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$1,000 Personal Genome Coming: Are We Ready?

Study Shows Why You Might, and Might Not, Want to Know Your Genome

Ethical Issues Plague Whole-Genome Test

While there's always bad news from whole-genome sequencing, the fact that a person is at higher risk of a particular disease does not mean they're destined to suffer from it.

"The genome is not destiny. Many things have a chance to influence the outcomes," Quake notes. "There is a genetic component to risk, but there is an environmental component, too. For the vast majority of things about your health, your lifestyle choices and the environment you live in make equal contributions."

Understanding genetic risk isn't easy. Even scientists like Quake need counseling to put personal genetic knowledge into perspective. And right now there are no requirements for companies that offer gene sequencing to provide such counseling, warns Arthur Caplan, PhD, director of the Center for Bioethics at the University of Pennsylvania.

"Amidst all the genome hype, people ignore environmental causes," Caplan tells WebMD. "They say, 'I don't have the gene for breast cancer, but smoke three packs of cigarettes a day and never exercise.' Not having a risk gene for a disease is false security, and having one is not a death sentence. All this has to be explained."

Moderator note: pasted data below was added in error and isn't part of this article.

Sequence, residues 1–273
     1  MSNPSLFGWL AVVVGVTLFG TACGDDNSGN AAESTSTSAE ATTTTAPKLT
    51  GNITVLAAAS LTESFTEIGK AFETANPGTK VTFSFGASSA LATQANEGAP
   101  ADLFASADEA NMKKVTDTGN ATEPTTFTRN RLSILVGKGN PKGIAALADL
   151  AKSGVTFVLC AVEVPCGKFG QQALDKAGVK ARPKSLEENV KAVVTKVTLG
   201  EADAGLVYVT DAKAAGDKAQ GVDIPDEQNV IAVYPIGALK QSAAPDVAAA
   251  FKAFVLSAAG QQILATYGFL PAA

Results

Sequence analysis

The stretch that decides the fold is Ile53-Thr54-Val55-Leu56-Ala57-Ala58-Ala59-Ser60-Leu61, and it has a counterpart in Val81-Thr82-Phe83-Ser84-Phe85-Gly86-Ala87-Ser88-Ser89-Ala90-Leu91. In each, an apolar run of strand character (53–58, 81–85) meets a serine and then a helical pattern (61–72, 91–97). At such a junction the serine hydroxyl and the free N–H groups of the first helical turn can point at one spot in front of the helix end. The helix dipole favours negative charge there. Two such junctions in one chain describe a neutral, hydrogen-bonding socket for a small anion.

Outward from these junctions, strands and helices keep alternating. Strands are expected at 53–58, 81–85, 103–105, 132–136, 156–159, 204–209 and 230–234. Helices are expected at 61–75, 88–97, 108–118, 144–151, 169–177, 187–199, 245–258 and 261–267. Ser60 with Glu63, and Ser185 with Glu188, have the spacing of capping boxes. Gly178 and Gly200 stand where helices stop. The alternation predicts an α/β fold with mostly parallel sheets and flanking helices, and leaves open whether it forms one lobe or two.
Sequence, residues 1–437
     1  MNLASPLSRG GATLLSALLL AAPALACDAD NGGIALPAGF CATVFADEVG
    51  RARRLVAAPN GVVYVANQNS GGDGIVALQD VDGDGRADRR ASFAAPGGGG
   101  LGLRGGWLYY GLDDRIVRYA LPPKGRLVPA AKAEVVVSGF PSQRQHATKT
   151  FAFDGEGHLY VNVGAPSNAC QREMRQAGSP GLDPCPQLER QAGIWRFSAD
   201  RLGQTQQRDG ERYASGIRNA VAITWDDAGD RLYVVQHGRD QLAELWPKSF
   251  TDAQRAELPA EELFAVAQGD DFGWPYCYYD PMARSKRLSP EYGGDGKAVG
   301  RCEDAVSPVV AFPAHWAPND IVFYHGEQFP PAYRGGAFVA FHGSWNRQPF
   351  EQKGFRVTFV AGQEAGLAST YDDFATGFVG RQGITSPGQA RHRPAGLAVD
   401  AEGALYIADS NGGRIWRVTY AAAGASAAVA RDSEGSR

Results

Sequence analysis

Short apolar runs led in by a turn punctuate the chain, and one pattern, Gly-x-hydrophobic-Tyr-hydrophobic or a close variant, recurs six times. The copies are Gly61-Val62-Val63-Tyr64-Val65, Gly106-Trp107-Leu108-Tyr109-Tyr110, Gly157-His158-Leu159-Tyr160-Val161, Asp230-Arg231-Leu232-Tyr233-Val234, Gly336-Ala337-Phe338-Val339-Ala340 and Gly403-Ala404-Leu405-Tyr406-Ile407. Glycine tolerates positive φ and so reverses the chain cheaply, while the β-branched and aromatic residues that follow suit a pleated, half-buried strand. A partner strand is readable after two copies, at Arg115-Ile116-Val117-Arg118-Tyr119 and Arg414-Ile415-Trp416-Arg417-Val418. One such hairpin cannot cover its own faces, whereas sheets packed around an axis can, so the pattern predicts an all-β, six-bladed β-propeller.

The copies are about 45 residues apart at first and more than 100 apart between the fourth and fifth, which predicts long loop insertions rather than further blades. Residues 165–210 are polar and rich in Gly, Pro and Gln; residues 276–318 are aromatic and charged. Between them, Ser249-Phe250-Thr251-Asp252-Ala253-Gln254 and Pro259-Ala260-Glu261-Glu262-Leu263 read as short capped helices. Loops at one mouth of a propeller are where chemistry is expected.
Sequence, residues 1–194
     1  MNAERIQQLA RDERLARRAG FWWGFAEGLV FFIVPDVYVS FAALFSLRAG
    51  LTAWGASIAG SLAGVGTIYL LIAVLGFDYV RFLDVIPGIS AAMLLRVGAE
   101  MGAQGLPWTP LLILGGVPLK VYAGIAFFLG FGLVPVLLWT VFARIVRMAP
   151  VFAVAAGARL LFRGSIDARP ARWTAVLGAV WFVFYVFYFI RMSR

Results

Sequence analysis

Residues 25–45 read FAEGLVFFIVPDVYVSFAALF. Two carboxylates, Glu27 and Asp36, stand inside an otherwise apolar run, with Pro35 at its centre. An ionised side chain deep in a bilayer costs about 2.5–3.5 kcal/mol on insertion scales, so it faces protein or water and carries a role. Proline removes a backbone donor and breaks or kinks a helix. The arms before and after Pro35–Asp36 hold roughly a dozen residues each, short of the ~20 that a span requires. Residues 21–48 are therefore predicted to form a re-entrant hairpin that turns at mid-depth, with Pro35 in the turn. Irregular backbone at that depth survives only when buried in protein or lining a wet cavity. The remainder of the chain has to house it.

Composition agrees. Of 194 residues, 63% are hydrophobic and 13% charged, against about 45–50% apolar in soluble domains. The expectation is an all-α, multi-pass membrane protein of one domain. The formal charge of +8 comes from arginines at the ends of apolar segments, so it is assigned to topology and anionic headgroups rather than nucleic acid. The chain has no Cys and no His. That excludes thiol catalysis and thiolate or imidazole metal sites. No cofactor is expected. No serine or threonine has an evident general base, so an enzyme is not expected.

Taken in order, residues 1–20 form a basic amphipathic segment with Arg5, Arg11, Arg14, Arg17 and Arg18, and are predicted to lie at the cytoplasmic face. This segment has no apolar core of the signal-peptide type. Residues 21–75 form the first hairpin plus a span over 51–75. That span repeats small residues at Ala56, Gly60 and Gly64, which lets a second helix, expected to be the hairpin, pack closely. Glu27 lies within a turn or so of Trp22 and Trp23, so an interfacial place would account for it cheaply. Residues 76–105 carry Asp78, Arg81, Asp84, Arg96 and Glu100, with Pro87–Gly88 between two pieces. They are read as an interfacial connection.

That could be a big problem. In an editorial published alongside their study in the April 30 online issue of The Lancet, Ashley and several of his colleagues note that the average person will discover he or she has about 100 genetic risks.

"Even if [counseling on] that information averaged only three minutes per disorder, this process would take more than five hours of direct patient contact, after many hours of background research," they calculate.

And there are only about 2,500 trained genetic counselors and 1,100 clinical geneticists in North America, all now busy with other work.

And there's another big issue: What do you tell your close relatives, who share many of your genes?

"Finding out about your own risks leads to information about your relatives, which you may try to tell them whether they need to know or not," Caplan says. "If you show up at Thanksgiving screeching about the risk for Alzheimer's you found out you have, your relatives may say, 'Hey, I didn't want to know that."

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